The other day, I came across this post [one of many, entertaining posts in that blog] — if you can find the time; read it, you won’t regret it 🙂
Then, a while later, I went down to the local grocery store to pick up a few items that I needed. The store was really crowded — the quest for food was going on, big time! A number of children –I didn’t count them — were screaming and crying but as I had just read that blog post, I was totally cool with that. Isn’t blogging a wonderful thing?! 🙂
Arrived at the check-out, waved my card a little to see if she wanted to scan it, if I should insert the chip or slide it through the reader … it seems to be different nowadays in each store, and sometimes different from time to time in the same store! If nothing else, I put the magnetic strip the wrong way…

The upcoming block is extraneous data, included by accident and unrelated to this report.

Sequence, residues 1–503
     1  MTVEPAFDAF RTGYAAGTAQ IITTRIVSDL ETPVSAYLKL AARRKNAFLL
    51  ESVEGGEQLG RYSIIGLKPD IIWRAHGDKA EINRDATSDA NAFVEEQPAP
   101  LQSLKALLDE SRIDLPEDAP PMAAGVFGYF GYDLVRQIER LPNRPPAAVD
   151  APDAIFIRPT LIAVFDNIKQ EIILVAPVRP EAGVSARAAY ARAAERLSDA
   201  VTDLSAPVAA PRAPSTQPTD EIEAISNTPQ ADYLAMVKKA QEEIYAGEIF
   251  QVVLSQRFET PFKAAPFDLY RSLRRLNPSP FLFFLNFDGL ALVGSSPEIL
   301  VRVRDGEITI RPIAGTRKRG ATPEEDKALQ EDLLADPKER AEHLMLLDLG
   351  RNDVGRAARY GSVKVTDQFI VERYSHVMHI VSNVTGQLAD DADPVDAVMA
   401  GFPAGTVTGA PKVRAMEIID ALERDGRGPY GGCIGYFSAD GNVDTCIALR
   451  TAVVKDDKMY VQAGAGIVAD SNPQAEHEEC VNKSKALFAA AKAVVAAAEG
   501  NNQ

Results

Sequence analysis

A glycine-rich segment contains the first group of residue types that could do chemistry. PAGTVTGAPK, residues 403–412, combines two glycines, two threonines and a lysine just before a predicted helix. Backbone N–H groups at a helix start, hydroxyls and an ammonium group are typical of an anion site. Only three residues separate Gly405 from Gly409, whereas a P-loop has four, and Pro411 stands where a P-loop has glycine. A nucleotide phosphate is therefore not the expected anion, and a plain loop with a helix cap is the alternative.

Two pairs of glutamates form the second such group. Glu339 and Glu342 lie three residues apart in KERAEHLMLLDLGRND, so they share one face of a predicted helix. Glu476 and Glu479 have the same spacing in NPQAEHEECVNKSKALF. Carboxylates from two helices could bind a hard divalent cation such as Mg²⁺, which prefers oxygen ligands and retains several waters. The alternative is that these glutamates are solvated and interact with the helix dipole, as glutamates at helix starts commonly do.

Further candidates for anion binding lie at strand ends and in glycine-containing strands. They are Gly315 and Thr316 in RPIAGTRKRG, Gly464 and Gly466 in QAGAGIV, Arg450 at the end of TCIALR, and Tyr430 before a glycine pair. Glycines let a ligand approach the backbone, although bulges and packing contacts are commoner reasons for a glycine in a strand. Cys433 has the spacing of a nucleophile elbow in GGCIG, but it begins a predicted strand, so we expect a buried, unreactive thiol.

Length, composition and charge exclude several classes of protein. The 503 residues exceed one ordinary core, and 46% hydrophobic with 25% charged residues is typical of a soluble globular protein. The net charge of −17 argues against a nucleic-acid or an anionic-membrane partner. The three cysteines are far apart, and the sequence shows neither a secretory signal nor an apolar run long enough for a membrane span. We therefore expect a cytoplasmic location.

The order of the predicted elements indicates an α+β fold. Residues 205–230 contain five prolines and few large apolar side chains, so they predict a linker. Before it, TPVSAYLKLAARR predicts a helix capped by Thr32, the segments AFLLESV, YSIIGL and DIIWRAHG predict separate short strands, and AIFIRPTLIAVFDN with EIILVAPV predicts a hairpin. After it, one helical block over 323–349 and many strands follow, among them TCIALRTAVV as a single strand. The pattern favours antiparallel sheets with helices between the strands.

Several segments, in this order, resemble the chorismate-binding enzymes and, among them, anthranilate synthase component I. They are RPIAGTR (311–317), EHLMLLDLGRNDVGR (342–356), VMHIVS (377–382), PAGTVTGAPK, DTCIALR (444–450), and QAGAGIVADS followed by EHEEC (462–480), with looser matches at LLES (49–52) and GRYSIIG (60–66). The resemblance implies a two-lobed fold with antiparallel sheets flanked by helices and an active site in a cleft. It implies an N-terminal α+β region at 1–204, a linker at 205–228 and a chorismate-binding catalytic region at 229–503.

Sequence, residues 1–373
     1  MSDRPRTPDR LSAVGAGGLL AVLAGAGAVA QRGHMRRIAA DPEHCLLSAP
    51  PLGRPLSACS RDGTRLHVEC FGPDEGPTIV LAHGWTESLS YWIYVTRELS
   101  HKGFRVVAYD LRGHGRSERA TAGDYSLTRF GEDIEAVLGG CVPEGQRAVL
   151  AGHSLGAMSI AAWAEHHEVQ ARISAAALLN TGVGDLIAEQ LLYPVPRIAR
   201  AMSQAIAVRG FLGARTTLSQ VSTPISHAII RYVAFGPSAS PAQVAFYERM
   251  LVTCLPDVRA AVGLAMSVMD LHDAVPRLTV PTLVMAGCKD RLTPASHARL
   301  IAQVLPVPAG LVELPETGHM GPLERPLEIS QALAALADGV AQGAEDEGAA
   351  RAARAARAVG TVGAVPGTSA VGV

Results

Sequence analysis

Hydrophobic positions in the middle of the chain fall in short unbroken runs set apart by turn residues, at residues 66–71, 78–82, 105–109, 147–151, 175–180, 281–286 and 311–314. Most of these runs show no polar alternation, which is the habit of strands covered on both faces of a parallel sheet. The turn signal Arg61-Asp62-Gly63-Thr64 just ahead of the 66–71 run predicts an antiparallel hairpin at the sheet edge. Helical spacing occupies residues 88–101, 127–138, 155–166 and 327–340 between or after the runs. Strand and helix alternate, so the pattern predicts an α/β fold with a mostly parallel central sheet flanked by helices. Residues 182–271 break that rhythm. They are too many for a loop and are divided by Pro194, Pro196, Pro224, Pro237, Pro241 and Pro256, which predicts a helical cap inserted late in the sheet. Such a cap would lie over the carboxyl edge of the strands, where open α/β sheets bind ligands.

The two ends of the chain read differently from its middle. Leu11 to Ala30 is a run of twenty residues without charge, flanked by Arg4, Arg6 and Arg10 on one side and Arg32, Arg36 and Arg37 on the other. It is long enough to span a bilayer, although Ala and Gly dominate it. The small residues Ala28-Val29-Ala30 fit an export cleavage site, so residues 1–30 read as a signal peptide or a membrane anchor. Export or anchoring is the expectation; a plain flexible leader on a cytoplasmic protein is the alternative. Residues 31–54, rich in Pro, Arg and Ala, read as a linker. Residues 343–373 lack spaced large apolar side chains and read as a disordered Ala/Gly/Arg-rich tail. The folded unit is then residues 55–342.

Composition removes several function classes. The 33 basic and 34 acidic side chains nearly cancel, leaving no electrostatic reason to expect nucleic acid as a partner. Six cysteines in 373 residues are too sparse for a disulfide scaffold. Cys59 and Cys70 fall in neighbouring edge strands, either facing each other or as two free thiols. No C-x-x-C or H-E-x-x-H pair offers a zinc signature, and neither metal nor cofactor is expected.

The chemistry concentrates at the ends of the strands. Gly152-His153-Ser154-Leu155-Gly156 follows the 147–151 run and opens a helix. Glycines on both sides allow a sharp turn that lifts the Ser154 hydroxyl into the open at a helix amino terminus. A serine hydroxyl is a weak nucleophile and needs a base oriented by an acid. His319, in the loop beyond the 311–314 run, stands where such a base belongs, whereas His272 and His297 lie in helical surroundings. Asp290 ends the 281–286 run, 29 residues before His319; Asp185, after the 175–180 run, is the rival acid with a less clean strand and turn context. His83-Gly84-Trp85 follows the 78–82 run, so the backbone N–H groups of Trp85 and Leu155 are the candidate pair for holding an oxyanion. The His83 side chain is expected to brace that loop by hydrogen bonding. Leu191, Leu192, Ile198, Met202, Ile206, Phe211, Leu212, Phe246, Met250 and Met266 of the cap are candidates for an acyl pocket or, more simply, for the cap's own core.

Everything went so smooth and annoyance free … smiled at the guard as I walked out and he smiled too.
While I was reading the post I linked to in the first paragraph, I was reminded of an episode in a grocery store, long time ago. It was the day before Midsummer, which is a really big holiday in Sweden. My town is really small — most people used to know one another, or at least of one another. I was waiting in line at the check-out and the lady working there wasn’t known for being any bundle of chuckles normally, but today she was worse than ever. She personified the whole concept of being tired and worked out, annoyed. I was watching as she rolled her eyes when a customer didn’t have a pen and was going to write a check [one of my mother’s pet peeves] … and so on.
When it was my turn, I said hi to her, and she answered with an unintelligible growl or something. I paid for my stuff, then I flashed a big smile at her and said «Happy Midsummer!!!» It was pure pleasure to see how she froze for a split second in the midst of handing me the receipt … then she burst out laughing and said happy Midsummer to me.